Advertisement
LPM

Really Simple Substitutes for Google Reader

July 1st marks the beginning of July and the end of Google Reader. Many companies have wasted no time jumping on this opportunity to become the next go-to RSS reader. AOL, for one, has received a lot of attention for its launch of AOL Reader. An article from The Verge provides a good overview of this particular reader, claiming it offers simplicity for former Google Readers but also “borrows from the rest of its competition.” It is very fast and refreshes feeds very quickly. All Things D explains further that users are also able to import their feeds from Google Reader to AOL Reader very smoothly.

Additional options include Feedly, Digg Reader, and Newsblur. All these alternatives are fairly similar, but each offers its own distinction. Feedly is a very popular option and has launched a Cloud sync service, assuring users that they will still have access to their Google Reader feeds after July 1st. Feedly is also leading the competition for efficient and free mobile apps for iPhone, iPad and Android.

Digg Reader offers more personalization and sharing options than the other readers. In this interview, Digg’s CEO and general manager explain that the Digg Reader project, a web version launching this week, will be fast and clean but will definitely be lacking some features. Digg wanted to launch its reader before they could build it up in order to be available before Google Reader officially goes extinct.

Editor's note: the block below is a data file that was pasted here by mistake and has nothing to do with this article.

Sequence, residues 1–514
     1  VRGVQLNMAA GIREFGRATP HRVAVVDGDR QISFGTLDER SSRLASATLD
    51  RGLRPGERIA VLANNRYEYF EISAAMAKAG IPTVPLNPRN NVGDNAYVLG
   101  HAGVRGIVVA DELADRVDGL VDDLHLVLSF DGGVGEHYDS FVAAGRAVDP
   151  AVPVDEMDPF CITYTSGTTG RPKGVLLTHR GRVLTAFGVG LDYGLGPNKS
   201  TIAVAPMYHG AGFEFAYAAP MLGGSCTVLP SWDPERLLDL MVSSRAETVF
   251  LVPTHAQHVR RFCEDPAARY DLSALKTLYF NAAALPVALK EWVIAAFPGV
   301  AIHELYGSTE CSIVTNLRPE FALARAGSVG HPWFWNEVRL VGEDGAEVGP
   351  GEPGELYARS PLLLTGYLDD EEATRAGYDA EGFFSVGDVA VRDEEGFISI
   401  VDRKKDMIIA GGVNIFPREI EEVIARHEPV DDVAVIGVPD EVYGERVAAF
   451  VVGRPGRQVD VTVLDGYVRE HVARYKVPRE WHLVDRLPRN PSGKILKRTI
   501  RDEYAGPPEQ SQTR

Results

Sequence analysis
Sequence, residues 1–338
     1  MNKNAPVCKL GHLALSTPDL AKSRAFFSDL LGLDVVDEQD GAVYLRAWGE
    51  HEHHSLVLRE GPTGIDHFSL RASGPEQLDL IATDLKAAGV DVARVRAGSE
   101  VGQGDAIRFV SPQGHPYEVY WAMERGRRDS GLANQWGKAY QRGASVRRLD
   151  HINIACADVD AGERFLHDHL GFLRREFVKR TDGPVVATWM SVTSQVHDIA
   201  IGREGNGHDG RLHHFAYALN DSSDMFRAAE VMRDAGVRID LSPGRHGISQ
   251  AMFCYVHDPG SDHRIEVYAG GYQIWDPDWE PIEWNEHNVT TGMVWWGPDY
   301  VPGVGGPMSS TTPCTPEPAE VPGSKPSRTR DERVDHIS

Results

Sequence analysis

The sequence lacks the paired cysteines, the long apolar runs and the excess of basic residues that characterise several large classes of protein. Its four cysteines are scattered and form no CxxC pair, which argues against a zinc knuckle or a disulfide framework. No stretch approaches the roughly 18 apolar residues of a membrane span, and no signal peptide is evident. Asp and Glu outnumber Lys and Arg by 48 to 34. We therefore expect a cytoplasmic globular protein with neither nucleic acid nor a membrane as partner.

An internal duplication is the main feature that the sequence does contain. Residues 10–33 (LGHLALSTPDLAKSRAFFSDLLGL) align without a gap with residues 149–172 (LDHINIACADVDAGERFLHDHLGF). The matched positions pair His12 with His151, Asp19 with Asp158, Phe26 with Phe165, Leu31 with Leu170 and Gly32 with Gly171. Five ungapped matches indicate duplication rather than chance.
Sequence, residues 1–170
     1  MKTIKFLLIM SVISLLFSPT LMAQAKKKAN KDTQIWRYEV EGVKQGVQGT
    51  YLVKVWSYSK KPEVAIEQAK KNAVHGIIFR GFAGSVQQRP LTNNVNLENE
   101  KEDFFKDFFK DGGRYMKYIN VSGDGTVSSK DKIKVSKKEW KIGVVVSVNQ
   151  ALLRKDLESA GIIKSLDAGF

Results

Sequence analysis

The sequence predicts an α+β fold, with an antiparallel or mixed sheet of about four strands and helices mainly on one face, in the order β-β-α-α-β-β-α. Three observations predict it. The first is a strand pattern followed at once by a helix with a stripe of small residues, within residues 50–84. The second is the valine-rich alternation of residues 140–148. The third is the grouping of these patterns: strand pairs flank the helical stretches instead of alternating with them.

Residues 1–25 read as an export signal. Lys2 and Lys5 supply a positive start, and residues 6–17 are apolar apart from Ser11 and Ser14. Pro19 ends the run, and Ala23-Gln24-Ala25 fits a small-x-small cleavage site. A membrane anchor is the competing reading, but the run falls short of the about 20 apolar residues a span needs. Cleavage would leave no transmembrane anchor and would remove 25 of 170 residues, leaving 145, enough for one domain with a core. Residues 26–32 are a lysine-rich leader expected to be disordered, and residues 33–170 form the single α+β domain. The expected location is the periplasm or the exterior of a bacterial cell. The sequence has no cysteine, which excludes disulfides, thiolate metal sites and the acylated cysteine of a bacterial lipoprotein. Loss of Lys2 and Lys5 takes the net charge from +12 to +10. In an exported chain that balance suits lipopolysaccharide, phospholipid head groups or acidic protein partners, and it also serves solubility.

Newsblur may not be as visually enticing as other replacements but what it lacks in appearance, it makes up for in efficiency with features such as “nesting” folders within folders and updating feeds every minute. An important thing to note about Newsblur is that it no longer offers any free services; your only choice is a $2 monthly subscription that allows more than 64 feeds. Feedly and Digg are free but may be rolling out paid features in the near future.

Although it may be hard for some of you to let go of Google Reader completely, it looks like there are many replacements available to you, it’s just a matter of picking which new app fits your needs best. For more on Google Reader replacements, check out the links below.


  • Catherine Reach

    SInce I’m losing both Google Reader AND iGoogle I’m using Netvibes because I can add feeds and widgets and toggle between a dashboard or a reader view. There aren’t apps but they have a mobile version for viewing on phones and tablets. It seems Feedly is the one people are defaulting to.